Where do men belong in feminism? Front and centre apparently. In UoM feminist collective’s biggest discussion meeting ever, student panellists Harry Paul, Jiten Dhandha and Syd King were invited to weigh in.
Sitting in a feminist meeting in front of a largely male panel made me uneasy. I was slightly terrified I was about to have feminism mansplained to me – which thankfully I didn’t. The discussion was respectful and included a range of voices, though it was telling how few men decided to attend.
It also seemed an odd time to be discussing such a topic. There are far more pressing feminist issues to be discussed like drink spiking and institutional misogyny. Lately, men really haven’t been drinking their ‘respect women’ juice, yet there we were, centring them.
That said, Deputy Chair Amber Barrow raised some interesting questions about the importance of intersectionality and inclusivity. She began with whether anti-men rhetoric is trans exclusionary. Syd suggested that slogans like “men are trash” are clearly not an attack on trans men whereas body-shaming insults are never okay. This quickly led to an interesting discussion about the need to create a mixture of inclusionary spaces. Amber was keen to steer the discussion away from ‘actually men can care about women’s rights!’ and ‘the patriarchy harms cis straight white men too!’ – eye roll. When the conversation did veer into unhelpful territory, Amber was quick to pull it back.
The word ‘packaging’ popped up frequently sadly. It seems every inch of our lives really has been infected by capitalism, even feminism! The movement is not a product to be packaged and sold. A few commenters agreed, adding “Packaging plays into the patriarchy’s hands. Women package themselves every day,” and “Other social justice movements wouldn’t have that conversation.”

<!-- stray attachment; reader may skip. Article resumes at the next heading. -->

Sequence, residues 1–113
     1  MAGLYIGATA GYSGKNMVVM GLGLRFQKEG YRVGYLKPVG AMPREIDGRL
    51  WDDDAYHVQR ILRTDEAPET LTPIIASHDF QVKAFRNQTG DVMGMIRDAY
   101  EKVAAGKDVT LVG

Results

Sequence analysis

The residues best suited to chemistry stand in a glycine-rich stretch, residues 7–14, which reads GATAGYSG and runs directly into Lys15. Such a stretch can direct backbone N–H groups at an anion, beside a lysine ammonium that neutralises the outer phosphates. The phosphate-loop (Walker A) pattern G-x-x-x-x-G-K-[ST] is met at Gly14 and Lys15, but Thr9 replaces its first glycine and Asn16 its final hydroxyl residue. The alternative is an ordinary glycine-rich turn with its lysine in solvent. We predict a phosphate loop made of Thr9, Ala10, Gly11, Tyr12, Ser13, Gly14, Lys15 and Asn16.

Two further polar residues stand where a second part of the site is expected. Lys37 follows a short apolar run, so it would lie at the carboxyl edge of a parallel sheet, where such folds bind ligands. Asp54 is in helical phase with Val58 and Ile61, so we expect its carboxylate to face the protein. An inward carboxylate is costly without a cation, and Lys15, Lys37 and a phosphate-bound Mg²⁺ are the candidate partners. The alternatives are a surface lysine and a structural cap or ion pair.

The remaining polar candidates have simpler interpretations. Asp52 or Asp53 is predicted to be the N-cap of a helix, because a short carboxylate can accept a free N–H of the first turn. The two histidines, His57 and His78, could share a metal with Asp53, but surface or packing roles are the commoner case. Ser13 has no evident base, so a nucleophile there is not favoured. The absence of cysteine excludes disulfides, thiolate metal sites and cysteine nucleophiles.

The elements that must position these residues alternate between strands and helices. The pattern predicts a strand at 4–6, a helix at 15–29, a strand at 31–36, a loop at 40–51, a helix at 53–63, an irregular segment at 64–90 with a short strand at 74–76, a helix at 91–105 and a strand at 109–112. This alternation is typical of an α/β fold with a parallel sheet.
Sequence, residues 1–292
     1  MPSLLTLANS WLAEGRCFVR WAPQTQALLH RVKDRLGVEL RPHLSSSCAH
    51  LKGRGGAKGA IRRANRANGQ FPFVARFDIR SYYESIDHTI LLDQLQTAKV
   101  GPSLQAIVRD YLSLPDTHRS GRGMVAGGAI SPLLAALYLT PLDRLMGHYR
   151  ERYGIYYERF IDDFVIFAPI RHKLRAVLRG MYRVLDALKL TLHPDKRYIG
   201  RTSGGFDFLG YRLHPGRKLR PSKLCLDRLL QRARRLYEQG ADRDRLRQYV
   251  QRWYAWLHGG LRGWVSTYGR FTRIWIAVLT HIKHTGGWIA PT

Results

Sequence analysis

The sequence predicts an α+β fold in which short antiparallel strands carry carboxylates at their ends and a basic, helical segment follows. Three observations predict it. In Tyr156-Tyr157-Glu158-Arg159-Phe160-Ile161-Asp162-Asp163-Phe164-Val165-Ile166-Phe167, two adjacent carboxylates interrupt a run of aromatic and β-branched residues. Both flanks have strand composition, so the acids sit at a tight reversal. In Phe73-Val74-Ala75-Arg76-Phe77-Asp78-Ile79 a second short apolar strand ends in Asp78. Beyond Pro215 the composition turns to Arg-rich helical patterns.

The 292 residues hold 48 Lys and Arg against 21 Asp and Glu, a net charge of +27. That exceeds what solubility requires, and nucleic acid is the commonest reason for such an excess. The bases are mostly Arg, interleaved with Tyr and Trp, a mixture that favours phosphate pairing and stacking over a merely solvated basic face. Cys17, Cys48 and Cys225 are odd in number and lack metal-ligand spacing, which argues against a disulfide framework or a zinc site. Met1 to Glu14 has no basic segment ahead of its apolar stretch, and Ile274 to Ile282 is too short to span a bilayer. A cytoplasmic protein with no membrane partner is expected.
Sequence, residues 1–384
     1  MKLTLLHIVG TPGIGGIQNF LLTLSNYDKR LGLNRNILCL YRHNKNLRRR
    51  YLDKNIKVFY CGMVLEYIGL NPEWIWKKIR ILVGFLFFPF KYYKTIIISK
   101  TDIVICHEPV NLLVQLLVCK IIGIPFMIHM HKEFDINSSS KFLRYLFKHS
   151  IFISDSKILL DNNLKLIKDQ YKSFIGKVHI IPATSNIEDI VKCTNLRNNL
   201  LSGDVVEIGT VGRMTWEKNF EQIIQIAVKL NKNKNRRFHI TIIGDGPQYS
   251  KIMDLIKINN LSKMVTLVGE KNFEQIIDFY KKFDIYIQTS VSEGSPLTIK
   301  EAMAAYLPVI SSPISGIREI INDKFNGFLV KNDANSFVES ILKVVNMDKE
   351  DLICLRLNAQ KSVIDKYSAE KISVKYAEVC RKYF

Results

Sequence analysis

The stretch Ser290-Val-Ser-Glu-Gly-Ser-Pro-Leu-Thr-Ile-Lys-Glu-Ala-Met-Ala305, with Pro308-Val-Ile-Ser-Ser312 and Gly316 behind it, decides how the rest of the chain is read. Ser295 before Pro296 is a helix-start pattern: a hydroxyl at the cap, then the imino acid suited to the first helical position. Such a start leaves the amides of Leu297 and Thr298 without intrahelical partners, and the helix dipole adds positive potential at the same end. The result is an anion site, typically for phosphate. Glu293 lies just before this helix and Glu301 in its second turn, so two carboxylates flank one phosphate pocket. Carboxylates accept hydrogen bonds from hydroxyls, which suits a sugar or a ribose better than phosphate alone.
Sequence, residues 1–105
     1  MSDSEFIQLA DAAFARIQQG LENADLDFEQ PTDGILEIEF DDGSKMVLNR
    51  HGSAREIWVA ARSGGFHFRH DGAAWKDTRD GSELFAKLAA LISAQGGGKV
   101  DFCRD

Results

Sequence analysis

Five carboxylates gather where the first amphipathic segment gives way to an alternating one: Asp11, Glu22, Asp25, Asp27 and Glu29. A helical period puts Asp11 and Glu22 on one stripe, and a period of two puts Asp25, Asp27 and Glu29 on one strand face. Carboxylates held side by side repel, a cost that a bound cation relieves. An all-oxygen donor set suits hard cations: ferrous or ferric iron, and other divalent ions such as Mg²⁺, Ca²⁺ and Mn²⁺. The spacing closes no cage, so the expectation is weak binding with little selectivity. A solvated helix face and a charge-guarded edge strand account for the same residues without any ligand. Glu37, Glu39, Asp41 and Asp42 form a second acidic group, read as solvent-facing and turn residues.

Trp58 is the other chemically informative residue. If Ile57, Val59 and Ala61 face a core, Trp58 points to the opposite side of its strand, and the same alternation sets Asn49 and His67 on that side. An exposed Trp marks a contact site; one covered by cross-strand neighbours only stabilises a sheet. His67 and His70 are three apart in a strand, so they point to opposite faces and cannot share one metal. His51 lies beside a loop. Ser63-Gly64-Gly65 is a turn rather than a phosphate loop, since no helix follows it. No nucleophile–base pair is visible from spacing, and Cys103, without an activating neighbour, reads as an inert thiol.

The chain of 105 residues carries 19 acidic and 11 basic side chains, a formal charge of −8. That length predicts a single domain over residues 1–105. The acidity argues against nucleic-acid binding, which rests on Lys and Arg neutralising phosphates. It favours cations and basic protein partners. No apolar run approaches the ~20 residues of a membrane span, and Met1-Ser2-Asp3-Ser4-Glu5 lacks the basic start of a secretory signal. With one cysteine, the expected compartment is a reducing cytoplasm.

Why should we? Why should we waste our time and energy convincing misogynists to care about women’s issues? Marketing feminism with “What if it was your daughter/ mother/ sister/wife?” aka your possession. Making feminism palatable to men will achieve nothing. Women must demand to be respected as human beings! That’s literally what feminism is. The fact that we’re having this conversation is just exasperating.
The final question started with “Obviously men can be feminists…”
In response, Harry pointed to a Twitter poll suggesting that 68% of men think men can’t be feminists. Syd explained this by saying that men, non-binary, and trans-men aren’t sure if they were allowed to call themself a feminist. This is due to no longer or not identifying as a woman, making it confusing.
The topic led to questions about what it means to be part of any group: How many books do you have to read? What beliefs must you hold? What experiences of oppression? How much activism must you do? Imposter syndrome is an issue, but so is performative activism and virtue signalling.
By the end of the meeting, an idea arose about creating street group chats, preventing people from walking home alone. At first glance, it’s a great idea. However, it’s also depressing that we still have to worry about something so basic.
One of my favourite quotes from the evening was this: “Feminism is a journey, not a destination.” With that in mind, I am excited to see what the Feminist Collective do next.